7,000 discount market homes a year: a practical guide to First Homes

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7,000 discount market homes a year: a practical guide to First Homes

7,000 discount market homes a year: a practical guide to First Homes

Jennie Baker 27 May 2021
From 28 June 2021, and subject to transitional arrangements, English national planning policy will include a home meeting the criteria of a First Home within the definition of ‘affordable housing’.
On 24 May a Written Ministerial Statement (WMS) was made setting out the policy, including the First Homes criteria and transitional arrangements, with further details in planning practice guidance published on the same day.
The same WMS also explains the replacement of the entry level exception sites policy with a ‘First Homes exception site policy and a new model for shared ownership. This blog focuses on what First Homes are, the new policy requirement and when First Homes will be introduced (they already have been). A blog by my colleagues looks at the policy and its potential impacts in more detail: First Homes – dicing with the discount.

National policy on First Homes

From 28 June 2021, in England, national policy will say that at least 25% of all homes delivered through developer contributions should be sold as First Homes.

What is a First Home?

A First Home is:
  • discounted in perpetuity by a minimum of 30% against the market value with plan-makers able to set 40% or 50% in perpetuity discounts where need is evidenced, and developers permitted to offer higher in perpetuity discounts

  • after the discount has been applied, the first sale price of the home (my emphasis) must be no higher than £420,000 in Greater London or £250,000 elsewhere in England with plan-makers able to set lower price caps

  • sold with a mortgage or home purchase plan for at least 50% of the discounted purchase value to a person meeting the First Homes eligibility criteria

  • a primary residence, not used for investment or commercial gain, albeit it may be let for up to two years

  • secured by a s106 agreement to ensure its delivery and the necessary restrictions on title[1] (a model s106 agreement for First Homes is being devised)

Who is eligible?

First Homes are to be “prioritised” for first time buyers (as defined in legislation already for the purpose of stamp duty relief). The local authority may set local eligibility criteria. The policy provides examples of criteria that might be applied, such as key workers, local connection, different income caps, but this is not an exhaustive list. Members of the Armed Forces and (subject to certain criteria) their partners and veterans would be exempt from a local connection test. So, if no local tests are set, the purchaser must be a first-time buyer purchasing borrowing at least 50% of the discounted purchase value. The purchaser (or purchasers) should not have a combined annual household income greater than £80,000 (or £90,000 in Greater London) in the tax year immediately preceding the year of purchase.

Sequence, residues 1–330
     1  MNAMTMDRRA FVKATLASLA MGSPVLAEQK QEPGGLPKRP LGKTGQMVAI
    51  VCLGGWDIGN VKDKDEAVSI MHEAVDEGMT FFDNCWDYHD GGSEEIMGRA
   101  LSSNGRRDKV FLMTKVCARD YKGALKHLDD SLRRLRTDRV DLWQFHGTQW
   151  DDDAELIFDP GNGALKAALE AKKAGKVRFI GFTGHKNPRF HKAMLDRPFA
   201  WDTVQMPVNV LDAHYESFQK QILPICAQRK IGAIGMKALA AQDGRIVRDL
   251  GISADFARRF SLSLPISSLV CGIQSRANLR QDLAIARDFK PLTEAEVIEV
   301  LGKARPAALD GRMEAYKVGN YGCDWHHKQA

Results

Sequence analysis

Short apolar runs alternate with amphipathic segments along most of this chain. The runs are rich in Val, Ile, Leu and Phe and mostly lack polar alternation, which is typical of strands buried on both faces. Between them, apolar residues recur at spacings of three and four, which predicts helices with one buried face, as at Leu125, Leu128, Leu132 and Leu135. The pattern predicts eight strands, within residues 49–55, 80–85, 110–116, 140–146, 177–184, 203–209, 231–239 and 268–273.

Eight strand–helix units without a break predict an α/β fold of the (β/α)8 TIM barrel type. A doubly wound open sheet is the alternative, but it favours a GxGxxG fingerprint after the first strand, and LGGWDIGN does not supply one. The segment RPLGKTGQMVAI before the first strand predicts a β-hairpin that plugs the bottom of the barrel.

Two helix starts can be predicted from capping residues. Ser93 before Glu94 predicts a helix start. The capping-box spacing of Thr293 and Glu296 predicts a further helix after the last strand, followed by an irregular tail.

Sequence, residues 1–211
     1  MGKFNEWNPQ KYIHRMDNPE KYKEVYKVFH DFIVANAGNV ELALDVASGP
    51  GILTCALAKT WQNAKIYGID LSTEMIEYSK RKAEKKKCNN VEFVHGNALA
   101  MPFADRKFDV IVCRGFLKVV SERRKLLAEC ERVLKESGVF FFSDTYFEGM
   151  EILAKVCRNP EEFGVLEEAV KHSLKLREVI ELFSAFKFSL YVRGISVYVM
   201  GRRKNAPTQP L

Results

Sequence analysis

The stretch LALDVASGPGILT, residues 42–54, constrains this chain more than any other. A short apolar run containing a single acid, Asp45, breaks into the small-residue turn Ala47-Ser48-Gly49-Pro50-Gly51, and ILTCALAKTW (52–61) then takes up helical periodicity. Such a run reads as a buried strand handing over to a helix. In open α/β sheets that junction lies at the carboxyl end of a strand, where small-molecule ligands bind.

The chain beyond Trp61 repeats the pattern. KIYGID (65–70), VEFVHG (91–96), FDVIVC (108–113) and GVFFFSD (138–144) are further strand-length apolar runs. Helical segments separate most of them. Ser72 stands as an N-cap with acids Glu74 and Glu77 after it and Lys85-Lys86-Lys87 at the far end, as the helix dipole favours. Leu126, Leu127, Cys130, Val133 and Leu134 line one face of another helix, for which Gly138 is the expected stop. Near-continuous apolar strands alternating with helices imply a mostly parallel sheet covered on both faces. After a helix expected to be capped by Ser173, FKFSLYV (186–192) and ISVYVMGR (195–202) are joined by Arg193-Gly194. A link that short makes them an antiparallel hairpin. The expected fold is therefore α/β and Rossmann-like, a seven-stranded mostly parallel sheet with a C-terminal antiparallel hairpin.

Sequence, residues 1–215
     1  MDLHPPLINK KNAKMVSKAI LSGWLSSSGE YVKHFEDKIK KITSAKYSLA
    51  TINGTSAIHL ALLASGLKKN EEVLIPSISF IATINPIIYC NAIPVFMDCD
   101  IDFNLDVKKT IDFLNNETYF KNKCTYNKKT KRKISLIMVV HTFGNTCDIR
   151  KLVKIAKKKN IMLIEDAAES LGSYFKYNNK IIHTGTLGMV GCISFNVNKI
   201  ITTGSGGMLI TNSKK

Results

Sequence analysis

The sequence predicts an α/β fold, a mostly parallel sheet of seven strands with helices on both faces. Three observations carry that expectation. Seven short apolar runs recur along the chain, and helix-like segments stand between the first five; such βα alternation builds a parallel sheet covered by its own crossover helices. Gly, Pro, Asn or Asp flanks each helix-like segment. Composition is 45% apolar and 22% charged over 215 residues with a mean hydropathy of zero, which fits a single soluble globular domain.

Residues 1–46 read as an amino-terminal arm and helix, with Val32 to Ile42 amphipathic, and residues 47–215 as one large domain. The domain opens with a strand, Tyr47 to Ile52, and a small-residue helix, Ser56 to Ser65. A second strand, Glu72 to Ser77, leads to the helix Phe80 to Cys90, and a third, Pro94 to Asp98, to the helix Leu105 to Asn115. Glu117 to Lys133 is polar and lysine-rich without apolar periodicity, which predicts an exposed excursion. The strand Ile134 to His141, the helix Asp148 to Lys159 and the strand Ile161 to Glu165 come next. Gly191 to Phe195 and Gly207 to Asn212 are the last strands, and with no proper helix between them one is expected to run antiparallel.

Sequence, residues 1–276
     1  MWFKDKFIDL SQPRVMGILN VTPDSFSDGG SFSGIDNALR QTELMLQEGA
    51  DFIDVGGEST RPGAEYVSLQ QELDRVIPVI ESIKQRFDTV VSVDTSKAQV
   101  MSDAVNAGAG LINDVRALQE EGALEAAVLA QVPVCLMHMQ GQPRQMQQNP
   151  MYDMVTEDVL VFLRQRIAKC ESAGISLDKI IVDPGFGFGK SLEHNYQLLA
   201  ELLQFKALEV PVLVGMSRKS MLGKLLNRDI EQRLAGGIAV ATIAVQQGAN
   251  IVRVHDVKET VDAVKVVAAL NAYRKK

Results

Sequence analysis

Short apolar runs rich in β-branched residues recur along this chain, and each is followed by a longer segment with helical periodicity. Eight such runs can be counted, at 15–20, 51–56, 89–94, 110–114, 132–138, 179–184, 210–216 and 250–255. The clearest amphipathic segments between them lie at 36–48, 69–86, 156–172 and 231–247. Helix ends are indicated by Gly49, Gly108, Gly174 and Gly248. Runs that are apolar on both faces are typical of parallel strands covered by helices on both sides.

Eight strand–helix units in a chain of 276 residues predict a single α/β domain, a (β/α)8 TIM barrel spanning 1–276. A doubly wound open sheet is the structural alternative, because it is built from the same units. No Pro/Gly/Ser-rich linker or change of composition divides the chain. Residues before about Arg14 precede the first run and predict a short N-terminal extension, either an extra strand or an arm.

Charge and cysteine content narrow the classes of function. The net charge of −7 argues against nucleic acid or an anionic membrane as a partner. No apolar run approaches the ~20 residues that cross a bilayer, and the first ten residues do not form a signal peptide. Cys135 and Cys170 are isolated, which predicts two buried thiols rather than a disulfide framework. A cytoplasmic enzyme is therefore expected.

What if there is no demand for a First Home?

The planning practice guidance says that a s106 agreement may include provisions permitting open market sale of a First Home if it is marketed as a First Home for at least 6 months in total and “all reasonable steps have been taken to sell the property (including, where appropriate, reducing the asking price)”.
Where these provisions are included, the s106 agreement must require the seller to compensate the local authority for the loss of the First Home in the way set out in the planning practice guidance.

What is the policy requirement and how does it relate to existing tenure mix policies?

At least 25% of all affordable housing units secured through developer contributions should be First Homes. As with other affordable housing, the policy expectation is that this is provided on-site unless an alternative financial contribution or off-site provision is justified. A quarter of any financial contributions for affordable housing should be used to provide First Homes.
Having “secured the 25% requirement”, local authorities should prioritise social rent, in accordance with local policy and “where other affordable housing units can be secured, these tenure-types should be secured in the relative proportions set out in the development plan”.
Examples of the application of this approach are given in planning practice guidance:
“For example, if a local plan policy requires an affordable housing mix of 20% shared ownership units, 40% affordable rent units and 40% social rent units, a planning application compliant with national policy would deliver an affordable housing tenure mix of 25% First Homes and 40% social rent. The remainder (35%) would be split in line with the ratio set out in the local plan policy, which is 40% affordable rent to 20% shared ownership, or 2:1. 35% split in this way results in 12% shared ownership; and 23% affordable rent”.